Malaysia’s powerful free-TV network, Media Prima, has a lot going for it these days, not least of which is Malaysian superhero Ejen Ali; soaring content/IP sales as streamers jostle for local shows; upsized and monetisable content solutions; co-production successes; hopes for a TVOD business; and the expansion – once again in a long history of ups and downs – of online/streaming platform tonton, which is among Asia’s earliest digital video businesses.
And then there’s Zamri Zakaria’s prime-time drama, Melur Untuk Firdaus, about a young man whose parents give him 48 hours to persuade his girlfriend to marry him. If he fails, he has to marry the girl they have chosen. Clips from the series, which ran on TV3 from May to July this year, attracted more than 2.9 billion views on TikTok.
It’s all part of a reversal of fortunes for the privately owned media platform, which operates free-TV networks TV3 and 8TV, a vibrant audio business, production house Primeworks Studios, and a publishing business. In 2021, the company posted its first full-year profit since 2018 (2015 if you don’t count a property sale), including trebling content sales over 2021.
It’s also part of an evolving video and media environment. Audiences in Malaysia across TV and online are not judging a show based on whether it’s on TV or online, says Media Prima TV Network’s deputy chief executive, Nini Yusof. “There’s no discrimination. They don’t go, ‘oh, is it on tonton or is it on TV,” she says, adding: “It’s a matter of telling a story and making sure that… there’s incremental viewership.”
Media Prima looks like it has seen the back of a few horrible years. What are your content priorities now? “Providing content targeted to mass-market audiences, millennials and also Gen Z. And creating advertising solutions is key for a free-to-air service like ours.”
Although it competes for audience time and attention, TikTok has been a vibrant viewer acquisition platform for you... “We never thought Melur Untuk Firdaus would gain something like 2.9 billion views on TikTok. It was amazing. Normally our dramas range between 200 million and 800 million views... it’s simply because we focused on a target audience and Gen Z-ers came to TV and they started to produce content to share on TikTok. My daughter found out about Melur Untuk Firdaus when it was trending on TikTok...”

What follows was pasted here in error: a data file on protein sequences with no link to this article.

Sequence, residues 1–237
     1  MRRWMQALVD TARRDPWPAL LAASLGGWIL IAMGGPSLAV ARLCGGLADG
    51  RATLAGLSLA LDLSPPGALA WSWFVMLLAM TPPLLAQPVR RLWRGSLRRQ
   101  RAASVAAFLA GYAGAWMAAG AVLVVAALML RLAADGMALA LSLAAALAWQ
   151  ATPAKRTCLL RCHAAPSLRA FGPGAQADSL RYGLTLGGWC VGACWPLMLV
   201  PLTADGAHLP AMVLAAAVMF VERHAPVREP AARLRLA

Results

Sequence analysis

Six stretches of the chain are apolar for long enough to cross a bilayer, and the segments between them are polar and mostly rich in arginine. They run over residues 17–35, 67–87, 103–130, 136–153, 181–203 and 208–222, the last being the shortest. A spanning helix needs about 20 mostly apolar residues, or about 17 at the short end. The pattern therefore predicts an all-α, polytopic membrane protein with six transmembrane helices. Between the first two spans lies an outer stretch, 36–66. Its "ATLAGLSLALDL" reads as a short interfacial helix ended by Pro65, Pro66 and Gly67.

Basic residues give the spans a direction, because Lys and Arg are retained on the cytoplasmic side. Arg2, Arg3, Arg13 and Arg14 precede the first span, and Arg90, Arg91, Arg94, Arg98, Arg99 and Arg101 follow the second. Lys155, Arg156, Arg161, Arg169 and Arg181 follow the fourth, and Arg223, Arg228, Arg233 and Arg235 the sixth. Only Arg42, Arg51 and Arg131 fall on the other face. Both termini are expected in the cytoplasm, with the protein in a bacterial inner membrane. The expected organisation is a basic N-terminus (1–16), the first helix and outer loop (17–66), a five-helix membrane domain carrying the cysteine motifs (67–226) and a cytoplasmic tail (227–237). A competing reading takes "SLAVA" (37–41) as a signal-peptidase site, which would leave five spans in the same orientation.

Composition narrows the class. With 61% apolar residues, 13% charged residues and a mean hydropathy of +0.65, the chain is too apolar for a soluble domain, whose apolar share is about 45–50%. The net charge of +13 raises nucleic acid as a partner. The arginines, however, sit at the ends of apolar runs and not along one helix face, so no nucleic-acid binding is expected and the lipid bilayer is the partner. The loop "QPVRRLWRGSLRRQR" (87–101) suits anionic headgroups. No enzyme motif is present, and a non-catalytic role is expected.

Has Melur Untuk Firdaus’ success changed the way you commission or produce? “Yes and no. For example, for the free-to-air audience, we are targeting the mass market. The content they watch will be quite different from Gen Z. So, for example, we focus on the dramas, we also produce documentaries, news is very, very important for us, and we are gaining in sports. When we talk about providing content for our TV audience & also for streamers... we try to meet halfway, to match our requirements with theirs in terms of, for instance, cast and plot. The story will be slightly different, maybe not so edgy… It will still attract a mass audience but with more diversified storytelling.”
Is linear free-TV still as important to you as it used to be? “Free TV gives accessibility. Our job as a free-to-air channel operator is to make good investments to create and produce shows that inspire and entertain the audience. Every country needs a very strong free-to-air channel and Media Prima’s TV3 is the one in Malaysia.”
Let’s talk about reality show Masters in The House, where you blended Korea and Malaysia. What led to that? “Masters in The House involves team members spending one or two day with a popular personality trying to gain knowledge and wisdom. The show is something TV3 has never done before; it’s our first real co-production with Korean broadcaster, SBS. The idea came about as an advertising solution for a Korean client who wanted a Korean series that could be on air for at least eight weeks. We obviously needed a show that would resonate with our audience and allow the sponsor to tell their story. We were very lucky to have two masters – BamBam, the Korea-based Thai rapper/singer from boy band Got7, and Son Sung Deuk, the choreographer for BTS. We had two episodes featuring Korean masters and the remaining six episodes featuring popular stars and personalities from Malaysia, including Siti Nurhaliza, Yusof Haslam, and Usamah Zaid, who directed Ejen Ali.”
Is it a challenge to tie up with talent like BamBam or Son Sung Deuk if your show is sponsor-funded? “No, because we have another group of local talent for the product integration and execution."
Have you done anything similar with other broadcasters in Asia? “We’ve worked with Nippon TV and Fuji TV in Japan in the past. One of the shows was Welcome To The Railworld Japan hosted by Henry Golding.”
How do you prevent your sponsor-funded shows from becoming one long commercial? “You have to pick the right show. Media Prime is free-to-air. The majority of our income is from advertising. If advertisers want to integrate their brands into a story, it has to be integrated well. The product placement has to be natural or the audience will be turned off.”